Using mark-recapture, we estimated the age at first return and survival of juveniles of the Sooty Shearwater (Puffinus griseus), a medium-sized burrow-breeding procellariiform, at two New Zealand breeding colonies, Taiaroa Head and The Snares. Sooty Shearwaters were first observed at the colony between 2 and 10 years after being banded as chicks, with a mean of 5.7 years at Taiaroa Head and 5.4 years at The Snares. After accounting for imperfect detectability with a mark-recapture model, we estimate the mean age at first return as 4.8 years. Extrapolation from observed delays between arrival and breeding of the Short-tailed Shearwater (P. tenuirostris) suggests that the mean age at first breeding was 7.7 years. Annualized estimates of survival from 0 to 2 years were 0.54 at Taiaroa Head and 0.41 at The Snares. Overall estimates of the generation time and maximum rate of population growth were 13.1 years and 7.7%, respectively. Many published estimates of age at first return and age at first breeding are biased because they implicitly assume perfect detectability of individuals. Such an assumption in turn leads to bias in estimation of generation time and maximum rate of population growth. A generic population model for the Procellariiformes, in which the parameters are scaled against generation time, could prove to be a useful tool in guiding management of bycatch and sustainable harvest.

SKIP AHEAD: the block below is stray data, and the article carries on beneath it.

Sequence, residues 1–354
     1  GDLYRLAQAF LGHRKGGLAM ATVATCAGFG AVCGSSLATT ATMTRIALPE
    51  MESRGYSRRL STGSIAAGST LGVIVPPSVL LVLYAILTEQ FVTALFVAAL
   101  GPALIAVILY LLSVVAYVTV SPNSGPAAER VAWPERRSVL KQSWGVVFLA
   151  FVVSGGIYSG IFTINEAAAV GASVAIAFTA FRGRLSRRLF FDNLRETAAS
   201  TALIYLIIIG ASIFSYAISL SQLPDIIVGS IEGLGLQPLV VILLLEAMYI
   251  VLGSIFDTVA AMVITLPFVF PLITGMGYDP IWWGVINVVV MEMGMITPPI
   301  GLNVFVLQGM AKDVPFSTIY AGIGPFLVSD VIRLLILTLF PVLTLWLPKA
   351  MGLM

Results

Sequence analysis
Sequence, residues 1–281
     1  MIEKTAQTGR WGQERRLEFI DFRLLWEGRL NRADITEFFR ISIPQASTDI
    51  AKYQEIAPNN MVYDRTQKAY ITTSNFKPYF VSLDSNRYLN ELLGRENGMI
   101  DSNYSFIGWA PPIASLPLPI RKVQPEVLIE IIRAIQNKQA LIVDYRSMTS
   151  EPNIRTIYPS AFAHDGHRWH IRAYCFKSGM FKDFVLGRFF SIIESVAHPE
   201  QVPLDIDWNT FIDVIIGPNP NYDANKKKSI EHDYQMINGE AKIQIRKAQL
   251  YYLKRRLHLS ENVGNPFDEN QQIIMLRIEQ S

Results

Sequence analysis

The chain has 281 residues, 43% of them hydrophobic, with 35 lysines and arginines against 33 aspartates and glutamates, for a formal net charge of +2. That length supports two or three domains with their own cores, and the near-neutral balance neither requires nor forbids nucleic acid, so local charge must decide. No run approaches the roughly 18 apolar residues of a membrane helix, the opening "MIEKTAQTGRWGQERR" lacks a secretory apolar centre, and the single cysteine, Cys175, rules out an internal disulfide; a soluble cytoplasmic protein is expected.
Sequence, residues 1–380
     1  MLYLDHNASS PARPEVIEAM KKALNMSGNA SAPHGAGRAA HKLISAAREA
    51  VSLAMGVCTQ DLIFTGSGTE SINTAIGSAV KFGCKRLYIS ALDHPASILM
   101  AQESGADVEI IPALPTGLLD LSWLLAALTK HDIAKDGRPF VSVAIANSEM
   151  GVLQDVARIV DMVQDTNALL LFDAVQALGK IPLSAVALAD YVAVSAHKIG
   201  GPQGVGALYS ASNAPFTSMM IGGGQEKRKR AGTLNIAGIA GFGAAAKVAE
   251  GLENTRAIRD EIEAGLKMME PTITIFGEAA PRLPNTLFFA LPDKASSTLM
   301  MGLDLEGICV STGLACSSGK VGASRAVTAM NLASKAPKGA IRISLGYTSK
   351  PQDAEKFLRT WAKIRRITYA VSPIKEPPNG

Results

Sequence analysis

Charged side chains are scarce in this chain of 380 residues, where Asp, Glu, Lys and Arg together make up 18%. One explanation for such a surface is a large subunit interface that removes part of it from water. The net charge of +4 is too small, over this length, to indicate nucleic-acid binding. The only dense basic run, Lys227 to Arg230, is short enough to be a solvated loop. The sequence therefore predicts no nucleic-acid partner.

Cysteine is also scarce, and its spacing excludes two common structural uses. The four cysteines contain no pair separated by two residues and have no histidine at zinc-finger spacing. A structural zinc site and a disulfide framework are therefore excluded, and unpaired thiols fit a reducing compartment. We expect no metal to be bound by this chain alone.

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Vol. 115 • No. 3